PIPE - papers on international political economy ; 7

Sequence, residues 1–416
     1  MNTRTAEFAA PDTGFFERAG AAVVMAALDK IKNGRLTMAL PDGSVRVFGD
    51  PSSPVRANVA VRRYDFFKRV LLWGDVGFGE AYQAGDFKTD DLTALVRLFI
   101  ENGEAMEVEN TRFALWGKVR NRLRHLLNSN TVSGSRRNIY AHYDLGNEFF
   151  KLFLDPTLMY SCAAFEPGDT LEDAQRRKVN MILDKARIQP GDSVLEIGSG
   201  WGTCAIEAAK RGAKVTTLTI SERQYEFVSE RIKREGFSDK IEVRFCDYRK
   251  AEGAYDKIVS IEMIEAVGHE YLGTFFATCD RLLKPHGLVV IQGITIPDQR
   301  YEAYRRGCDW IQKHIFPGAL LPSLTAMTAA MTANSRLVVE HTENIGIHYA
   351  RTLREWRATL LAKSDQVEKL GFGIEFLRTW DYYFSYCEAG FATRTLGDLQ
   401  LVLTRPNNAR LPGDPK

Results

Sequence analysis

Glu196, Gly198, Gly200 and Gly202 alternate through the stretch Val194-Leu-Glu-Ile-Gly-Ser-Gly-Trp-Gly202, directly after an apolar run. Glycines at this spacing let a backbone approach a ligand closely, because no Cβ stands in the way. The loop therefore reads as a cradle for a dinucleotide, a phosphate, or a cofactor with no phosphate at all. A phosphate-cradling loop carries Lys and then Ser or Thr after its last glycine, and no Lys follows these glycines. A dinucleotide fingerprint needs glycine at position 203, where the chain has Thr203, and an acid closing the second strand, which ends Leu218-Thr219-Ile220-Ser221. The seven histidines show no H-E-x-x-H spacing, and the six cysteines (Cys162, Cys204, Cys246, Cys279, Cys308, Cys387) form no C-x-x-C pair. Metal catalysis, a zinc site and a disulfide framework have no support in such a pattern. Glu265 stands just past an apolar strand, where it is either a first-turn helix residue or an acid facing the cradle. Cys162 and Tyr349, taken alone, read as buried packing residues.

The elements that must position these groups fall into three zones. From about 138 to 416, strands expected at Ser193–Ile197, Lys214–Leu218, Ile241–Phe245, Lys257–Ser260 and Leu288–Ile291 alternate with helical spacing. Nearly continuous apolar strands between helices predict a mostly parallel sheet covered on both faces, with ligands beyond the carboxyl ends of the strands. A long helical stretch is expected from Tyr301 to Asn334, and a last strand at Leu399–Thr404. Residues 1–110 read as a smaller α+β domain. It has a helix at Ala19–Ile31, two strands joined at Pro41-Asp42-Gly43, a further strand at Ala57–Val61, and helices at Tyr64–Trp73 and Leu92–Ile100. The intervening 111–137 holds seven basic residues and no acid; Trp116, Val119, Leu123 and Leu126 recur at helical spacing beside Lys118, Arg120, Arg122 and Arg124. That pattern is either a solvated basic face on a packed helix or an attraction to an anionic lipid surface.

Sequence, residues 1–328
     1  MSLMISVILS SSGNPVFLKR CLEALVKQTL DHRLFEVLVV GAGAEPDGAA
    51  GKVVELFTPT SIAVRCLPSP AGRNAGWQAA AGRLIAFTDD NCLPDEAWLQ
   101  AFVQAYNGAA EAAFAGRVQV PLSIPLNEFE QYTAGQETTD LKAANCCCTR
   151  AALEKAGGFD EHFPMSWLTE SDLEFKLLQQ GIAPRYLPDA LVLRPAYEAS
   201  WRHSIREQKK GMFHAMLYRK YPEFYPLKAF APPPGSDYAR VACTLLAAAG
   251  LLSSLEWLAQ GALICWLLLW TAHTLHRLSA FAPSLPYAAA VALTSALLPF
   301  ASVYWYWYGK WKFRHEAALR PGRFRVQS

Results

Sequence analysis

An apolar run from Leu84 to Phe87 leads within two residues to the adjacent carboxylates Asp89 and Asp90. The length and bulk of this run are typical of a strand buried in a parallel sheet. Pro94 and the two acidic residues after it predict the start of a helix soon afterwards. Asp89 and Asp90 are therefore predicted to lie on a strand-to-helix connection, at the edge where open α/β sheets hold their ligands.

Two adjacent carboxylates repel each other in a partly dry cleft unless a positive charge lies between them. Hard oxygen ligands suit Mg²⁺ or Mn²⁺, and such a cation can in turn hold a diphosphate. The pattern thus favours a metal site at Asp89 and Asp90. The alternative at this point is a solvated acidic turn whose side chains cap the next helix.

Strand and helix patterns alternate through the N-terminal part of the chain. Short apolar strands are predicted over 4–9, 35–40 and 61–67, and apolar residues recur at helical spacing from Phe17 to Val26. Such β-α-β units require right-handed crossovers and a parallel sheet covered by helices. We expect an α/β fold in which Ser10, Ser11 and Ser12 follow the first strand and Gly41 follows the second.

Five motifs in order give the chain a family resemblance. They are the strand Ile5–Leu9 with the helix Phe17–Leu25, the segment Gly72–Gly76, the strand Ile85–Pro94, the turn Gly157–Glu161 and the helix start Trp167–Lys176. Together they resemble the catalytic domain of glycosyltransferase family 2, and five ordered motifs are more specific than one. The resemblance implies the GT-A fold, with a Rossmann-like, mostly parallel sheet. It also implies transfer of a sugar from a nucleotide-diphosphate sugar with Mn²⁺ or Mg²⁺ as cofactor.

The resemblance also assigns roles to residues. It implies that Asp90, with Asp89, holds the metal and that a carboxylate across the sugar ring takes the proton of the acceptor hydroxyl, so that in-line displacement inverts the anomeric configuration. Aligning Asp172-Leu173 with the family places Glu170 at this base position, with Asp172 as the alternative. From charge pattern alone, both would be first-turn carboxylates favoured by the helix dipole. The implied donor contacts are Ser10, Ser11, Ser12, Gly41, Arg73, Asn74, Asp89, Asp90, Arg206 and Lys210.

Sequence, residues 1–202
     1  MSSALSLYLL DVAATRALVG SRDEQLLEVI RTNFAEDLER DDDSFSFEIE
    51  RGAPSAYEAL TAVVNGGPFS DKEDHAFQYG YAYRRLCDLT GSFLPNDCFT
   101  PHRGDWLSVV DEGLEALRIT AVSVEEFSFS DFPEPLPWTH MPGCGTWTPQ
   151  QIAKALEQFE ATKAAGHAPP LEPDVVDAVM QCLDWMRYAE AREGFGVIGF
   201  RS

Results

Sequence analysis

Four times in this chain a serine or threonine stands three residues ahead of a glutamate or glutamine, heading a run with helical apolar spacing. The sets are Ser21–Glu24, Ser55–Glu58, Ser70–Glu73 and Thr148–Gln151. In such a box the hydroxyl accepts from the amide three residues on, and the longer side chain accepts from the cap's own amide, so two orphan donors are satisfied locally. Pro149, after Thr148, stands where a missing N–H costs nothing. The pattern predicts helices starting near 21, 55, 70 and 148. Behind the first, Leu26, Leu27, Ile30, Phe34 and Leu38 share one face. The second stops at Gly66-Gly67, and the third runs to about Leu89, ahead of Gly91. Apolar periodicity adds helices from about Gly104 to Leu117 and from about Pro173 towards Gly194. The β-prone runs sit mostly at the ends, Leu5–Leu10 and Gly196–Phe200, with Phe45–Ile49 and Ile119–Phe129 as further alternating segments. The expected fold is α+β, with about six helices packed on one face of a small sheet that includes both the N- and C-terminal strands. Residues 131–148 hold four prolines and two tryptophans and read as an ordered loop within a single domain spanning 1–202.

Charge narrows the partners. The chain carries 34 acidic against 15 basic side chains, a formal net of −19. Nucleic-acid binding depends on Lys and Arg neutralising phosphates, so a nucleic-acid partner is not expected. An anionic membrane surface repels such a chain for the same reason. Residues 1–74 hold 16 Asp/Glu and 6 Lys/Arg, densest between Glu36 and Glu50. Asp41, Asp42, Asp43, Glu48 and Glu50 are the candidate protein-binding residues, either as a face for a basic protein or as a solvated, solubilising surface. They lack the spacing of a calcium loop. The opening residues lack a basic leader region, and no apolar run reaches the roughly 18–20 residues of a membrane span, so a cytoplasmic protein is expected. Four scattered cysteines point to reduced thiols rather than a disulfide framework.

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Political scientists have long been interested in the rationale behind giving official development assistance (ODA). With a few notable exceptions, scholars have neglected the impact of governing parties of differ-ent provenience on a donor country’s foreign aid policy. In order to address this shortcoming, this paper focuses on the change of government from conservative (‚right‘) to social democratic (‚left‘) parties in Sweden (1994) and the United Kingdom (1997). The results contradict and qualify much of the conven-tional wisdom on the allegedly more benign foreign aid policy of social democratic parties. The paper reveals instead that the Swedish and British foreign aid policies of the 1990s share an interesting pattern: Social democrats tend to display a rhetoric that is more attuned to the idea of solidarity than the conserva-tive foreign aid agenda, but in neither case does this tendency translate into a higher degree of solidarity as measured by five quantitative measures. On the contrary, conservative ODA actions speak louder than their words suggest, expressing at least as much, if not more, solidarity than their social democratic rivals.
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